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Fighting the next public health crisis with vaccines

Pfizer Hospital 
Pfizer UK

11th August 2021

The global reach and devastating impact of COVID-19 were hard to imagine before the pandemic. As countries and healthcare systems start to emerge from the pandemic, there is increasing focus on what may cause the next public health crisis, and what steps can be taken to mitigate its impact.


The World Health Organization has declared Antimicrobial Resistance (AMR) as one of the top ten most concerning global health threats currently facing humanity.1 AMR is when the micro-organisms (pathogens) which cause infection survive contact with medicines that would normally kill them or stop their growth. In the case of bacteria, this allows the resistant bacteria to multiply and spread, eventually becoming the dominant strain and creating what are known as ‘superbugs’ which render antibiotic medicine ineffective.

AMR causes 700,000 deaths globally each year, affecting people of all demographics, geographies, and ages.2 If no action is taken, it’s estimated that by 2050 drug-resistant pathogens could cause 10 million deaths per year.3 But just as the global scientific community understands the threats of AMR, it also knows that the public can very much be a part of reducing its risks.

Crucially, the WHO has identified vaccines as one of the most effective tools to control and prevent AMR.4 Vaccines offer protection by preventing infections and their transmission, whether antimicrobial resistant or not, and can be used for decades with a much lower probability of the pathogen developing resistance compared with antibiotics.5

The AMR crisis is quickly evolving and the role of vaccines in controlling the spread of ‘superbugs’ should not be overlooked. Maintaining and increasing routine vaccinations is one of the most powerful tools in keeping populations healthy and preventing the onset of epidemic diseases."

Seema Patel, UK & Northern Cluster Medical Director, Hospital Business Unit.

However, protecting the public against the risks of AMR and superbugs will not prove to be an easy task. As millions followed Government advice and stayed at home to control the spread of COVID-19 and protect their loved ones, the pandemic has had an unintended impact on the uptake of routine vaccinations across the globe. The consequent fall in global vaccination rates has led to the WHO and UNICEF warning of an alarming decline in the number of children receiving life-saving vaccines, including those for diphtheria, tetanus, and pertussis.6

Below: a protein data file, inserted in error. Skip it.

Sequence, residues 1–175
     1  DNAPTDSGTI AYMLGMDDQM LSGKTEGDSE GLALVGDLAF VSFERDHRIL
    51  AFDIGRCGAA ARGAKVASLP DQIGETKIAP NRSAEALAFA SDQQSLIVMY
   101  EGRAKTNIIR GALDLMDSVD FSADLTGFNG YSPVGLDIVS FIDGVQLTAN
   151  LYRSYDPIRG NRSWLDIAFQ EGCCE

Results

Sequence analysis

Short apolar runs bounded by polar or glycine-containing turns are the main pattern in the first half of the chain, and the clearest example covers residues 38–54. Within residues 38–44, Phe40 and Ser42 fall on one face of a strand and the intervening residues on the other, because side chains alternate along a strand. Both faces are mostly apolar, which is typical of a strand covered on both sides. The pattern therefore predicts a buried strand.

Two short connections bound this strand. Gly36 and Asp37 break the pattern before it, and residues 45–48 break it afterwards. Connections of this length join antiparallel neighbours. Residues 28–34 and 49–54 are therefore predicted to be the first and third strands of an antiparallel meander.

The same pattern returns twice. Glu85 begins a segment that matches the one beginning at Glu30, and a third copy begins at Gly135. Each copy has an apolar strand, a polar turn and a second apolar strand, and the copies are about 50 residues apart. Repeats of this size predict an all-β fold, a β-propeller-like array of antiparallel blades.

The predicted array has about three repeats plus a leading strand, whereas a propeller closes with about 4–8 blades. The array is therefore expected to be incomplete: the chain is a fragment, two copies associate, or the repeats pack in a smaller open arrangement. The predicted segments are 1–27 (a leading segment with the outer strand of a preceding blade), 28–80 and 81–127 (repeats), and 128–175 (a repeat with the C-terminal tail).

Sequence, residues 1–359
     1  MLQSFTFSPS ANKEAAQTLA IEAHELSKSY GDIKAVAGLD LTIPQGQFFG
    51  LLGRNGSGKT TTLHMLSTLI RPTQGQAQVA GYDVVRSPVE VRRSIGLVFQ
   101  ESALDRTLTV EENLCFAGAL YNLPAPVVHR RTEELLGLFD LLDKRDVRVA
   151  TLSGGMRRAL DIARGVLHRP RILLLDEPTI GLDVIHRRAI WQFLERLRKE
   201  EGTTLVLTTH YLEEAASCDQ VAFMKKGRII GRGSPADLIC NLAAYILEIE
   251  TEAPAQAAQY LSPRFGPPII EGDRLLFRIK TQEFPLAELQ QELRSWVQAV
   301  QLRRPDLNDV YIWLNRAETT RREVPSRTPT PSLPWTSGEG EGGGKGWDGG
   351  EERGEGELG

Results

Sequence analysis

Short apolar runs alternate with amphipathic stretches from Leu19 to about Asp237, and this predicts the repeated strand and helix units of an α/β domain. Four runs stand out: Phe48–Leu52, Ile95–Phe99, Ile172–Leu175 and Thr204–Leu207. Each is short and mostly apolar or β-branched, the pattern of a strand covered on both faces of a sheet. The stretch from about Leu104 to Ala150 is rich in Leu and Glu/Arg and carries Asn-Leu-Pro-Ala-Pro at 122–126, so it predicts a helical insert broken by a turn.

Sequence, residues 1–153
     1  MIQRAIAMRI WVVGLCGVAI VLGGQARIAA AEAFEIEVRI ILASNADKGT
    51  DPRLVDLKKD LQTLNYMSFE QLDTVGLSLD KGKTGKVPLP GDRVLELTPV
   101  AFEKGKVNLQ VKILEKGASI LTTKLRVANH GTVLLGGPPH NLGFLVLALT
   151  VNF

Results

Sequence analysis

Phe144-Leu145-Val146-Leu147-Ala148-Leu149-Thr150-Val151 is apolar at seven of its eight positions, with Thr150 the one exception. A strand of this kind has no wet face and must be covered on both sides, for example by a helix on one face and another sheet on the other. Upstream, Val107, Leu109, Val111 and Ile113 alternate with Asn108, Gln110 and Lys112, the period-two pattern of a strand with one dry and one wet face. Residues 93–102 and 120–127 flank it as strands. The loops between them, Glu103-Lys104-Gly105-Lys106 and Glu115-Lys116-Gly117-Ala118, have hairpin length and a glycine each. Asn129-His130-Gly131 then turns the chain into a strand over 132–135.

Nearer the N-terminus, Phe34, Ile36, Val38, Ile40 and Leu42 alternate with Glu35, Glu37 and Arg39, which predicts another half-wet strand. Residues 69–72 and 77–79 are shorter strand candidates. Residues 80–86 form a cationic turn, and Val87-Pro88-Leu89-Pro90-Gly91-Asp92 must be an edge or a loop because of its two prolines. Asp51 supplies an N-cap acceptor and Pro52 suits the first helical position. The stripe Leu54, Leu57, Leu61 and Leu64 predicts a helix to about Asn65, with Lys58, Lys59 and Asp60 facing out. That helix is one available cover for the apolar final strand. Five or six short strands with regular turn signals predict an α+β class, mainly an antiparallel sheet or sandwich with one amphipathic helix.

In the UK, a report co-authored by Public Health England and NHS Digital has uncovered how coverage for all of the childhood vaccinations has declined since 2014.7 The WHO recommends that on a national basis at least 95% of children are immunised against vaccine-preventable diseases.7 However, in 2019/20 for the second consecutive year, none of the UK’s routine vaccinations met this target.7 This evidence underscores how the pandemic has worsened the declining trend in children’s vaccine update rates and is resulting in more infants and children who are under-vaccinated.8

As social distancing restrictions ease and more people circulate, there is a greater risk of outbreaks of infectious diseases. Timely vaccination is crucial in ensuring populations are effectively maintaining immunity against life-threatening illnesses, such as those caused by AMR. Health services around the world, including the NHS, are now working hard to implement catch-up vaccination strategies, helping to offset the disruption caused by the pandemic.

We all – in the life sciences sector, in government, and as individuals – have an important role to play in the fight against emerging superbugs and must recognise that one of the best ways to help control its spread is to keep our vaccinations up to date.


Read next:


As part of Pfizer UK's ongoing dedication to tackling antimicrobial resistance (AMR), we launched a national campaign which aims to help us all feel empowered to change the course of AMR and create a new future for antibiotics.


We're proud to be leading the conversation on the AMR crisis, working closely with industry, government, NHS and other healthcare organisations to take a cross functional approach.


  1. World Health Organisation, (2020). Antimicrobial Resistance. Available at: [Last accessed July 2021] 

  2. World Health Organisation, (2019). New report calls for urgent action to avert antimicrobial resistance crisis. Available at: accessed July 2021] 

  3. Devi, S., (2020). No time to lower the guard on AMR. The Lancet Microbe, 1(5), p.e198. Available at: [Last accessed July 2021] 

  4. World Health Organisation, (2021). Leveraging Vaccines to Reduce Antibiotic Use and Prevent Antimicrobial Resistance. Available at: accessed July 2021] 

  5. Micoli, F., Bagnoli, F., Rappuoli, R. et al., (2021) The role of vaccines in combatting antimicrobial resistance. Nat Rev Microbiol 19, 287–302. Available at: accessed July 2021] 

  6. World Health Organisation, (2020) WHO and UNICEF warn of a decline in vaccinations during COVID-19. Available at: accessed July 2021] 

  7. Nuffield Trust, (2021. Vaccination coverage for children and mothers. Available at: accessed July 2021] 

  8. Public Health England, (2021). Top 10 tips for increasing vaccine uptake. Available at: accessed July 2021] 


PP-HBU-GBR-0357 / July 2021